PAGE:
Technology helps H&F Council deliver better and quicker care for residents

H&F has moved to mobile technology to help provide more efficient care services.

Using digital technology is helping Hammersmith & Fulham Council enhance the quality of vital care services for vulnerable residents, while freeing up resources to invest in services for elderly and disabled residents.

Mobile technology used by H&F’s care team has enabled them to work more independently and efficiently, by being able to access up-to-date information and resources while visiting those in need.

The shift has led to savings by reducing travel time, but is just one of a range of changes made by H&F to offer great value social care services that don’t compromise on quality.

"Better use of technology has enabled us to not only improve services, but also make savings that helped us abolish home care charges, put an end to 15-minute visits, reduce the cost of meals and wheels and pay the London Living Wage to carers," said Cllr Vivienne Lukey, H&F Cabinet Member for Health and Adult Social Care.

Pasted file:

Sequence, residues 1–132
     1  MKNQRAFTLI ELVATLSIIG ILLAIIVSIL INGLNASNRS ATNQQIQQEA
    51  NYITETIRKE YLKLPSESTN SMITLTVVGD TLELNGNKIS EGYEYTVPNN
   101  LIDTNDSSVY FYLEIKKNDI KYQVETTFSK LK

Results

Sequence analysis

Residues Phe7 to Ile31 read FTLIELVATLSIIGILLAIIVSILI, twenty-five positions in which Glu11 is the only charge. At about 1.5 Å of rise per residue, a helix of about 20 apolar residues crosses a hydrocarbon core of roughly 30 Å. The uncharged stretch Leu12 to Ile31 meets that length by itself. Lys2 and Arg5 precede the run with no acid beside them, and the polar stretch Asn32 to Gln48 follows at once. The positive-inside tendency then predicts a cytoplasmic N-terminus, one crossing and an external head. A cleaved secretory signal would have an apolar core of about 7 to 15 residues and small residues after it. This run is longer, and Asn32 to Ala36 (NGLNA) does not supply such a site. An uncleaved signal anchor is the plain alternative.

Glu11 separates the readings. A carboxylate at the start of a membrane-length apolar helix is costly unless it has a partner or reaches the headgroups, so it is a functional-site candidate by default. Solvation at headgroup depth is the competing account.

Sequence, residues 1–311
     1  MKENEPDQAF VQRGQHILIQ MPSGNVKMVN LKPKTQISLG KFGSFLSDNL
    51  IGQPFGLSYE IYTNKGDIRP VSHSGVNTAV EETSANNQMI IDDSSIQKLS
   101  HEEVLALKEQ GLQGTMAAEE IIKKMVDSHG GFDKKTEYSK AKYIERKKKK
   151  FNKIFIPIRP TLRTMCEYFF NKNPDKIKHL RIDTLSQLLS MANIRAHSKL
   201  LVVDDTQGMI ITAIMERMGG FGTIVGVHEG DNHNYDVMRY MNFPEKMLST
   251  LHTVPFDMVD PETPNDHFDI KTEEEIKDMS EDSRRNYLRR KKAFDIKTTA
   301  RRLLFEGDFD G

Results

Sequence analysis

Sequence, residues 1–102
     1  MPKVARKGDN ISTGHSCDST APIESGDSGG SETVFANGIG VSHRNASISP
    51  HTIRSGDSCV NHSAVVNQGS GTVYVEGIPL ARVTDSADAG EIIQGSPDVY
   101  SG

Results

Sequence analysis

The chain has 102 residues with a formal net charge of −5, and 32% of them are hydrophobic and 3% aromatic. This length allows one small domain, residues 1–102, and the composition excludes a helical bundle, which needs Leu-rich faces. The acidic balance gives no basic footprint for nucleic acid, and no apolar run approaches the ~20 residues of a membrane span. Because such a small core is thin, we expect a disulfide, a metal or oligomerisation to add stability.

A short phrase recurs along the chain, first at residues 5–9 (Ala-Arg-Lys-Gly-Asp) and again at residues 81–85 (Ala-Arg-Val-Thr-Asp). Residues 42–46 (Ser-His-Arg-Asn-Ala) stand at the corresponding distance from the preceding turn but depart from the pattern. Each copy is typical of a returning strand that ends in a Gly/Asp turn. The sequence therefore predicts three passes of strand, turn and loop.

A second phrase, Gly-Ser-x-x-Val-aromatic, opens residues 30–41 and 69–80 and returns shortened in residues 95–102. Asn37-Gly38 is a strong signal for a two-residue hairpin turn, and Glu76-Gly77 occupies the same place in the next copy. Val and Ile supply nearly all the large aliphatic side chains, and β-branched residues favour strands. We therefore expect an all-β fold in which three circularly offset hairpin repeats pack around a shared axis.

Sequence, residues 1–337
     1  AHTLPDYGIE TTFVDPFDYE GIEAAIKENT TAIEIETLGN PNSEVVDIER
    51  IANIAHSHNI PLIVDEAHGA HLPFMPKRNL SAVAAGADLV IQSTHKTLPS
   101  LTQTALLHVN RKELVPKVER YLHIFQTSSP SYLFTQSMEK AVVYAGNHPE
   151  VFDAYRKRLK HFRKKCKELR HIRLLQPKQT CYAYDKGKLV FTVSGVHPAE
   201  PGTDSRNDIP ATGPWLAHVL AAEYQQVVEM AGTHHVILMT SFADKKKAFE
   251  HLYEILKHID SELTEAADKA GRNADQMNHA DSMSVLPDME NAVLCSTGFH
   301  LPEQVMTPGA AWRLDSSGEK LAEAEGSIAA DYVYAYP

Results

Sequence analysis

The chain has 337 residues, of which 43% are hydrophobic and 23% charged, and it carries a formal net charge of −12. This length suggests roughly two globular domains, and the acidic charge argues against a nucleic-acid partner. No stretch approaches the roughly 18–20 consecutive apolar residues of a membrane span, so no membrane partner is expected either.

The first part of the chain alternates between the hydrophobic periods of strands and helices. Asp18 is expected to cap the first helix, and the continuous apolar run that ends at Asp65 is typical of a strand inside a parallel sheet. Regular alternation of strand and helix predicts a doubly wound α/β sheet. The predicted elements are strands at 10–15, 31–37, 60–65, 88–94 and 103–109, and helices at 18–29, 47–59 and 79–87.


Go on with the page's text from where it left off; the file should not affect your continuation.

"We are determined to deliver high quality services for vulnerable residents, while remaining careful with how we use residents' cash."

The changes form part of H&F Council’s innovative and country-leading social care offer, through which H&F has also pledged to retain the Independent Living Fund, offer more career development for homecare staff and increase payments for those on Direct Payments.

Mobile technology allows staff on care visits to collect, review and update case information while on-the-go. They can also look up and share information while in a resident’s presence, to offer further resources and encourage them to become more self-sufficient.

H&F’s move to mobile technology was one of 13 projects evaluated by the Digital Experts Programme for the Local Government Association (LGA), which represents 370 councils in England and Wales.

The Digital Experts Programme was established last March when the LGA agreed to fund 27 projects involving 42 councils who were encouraged to use digital tools and approaches already successfully applied by their peers.

A total of £390,000 was awarded, with individual councils receiving £10,000 and groups of councils being given £25,000.

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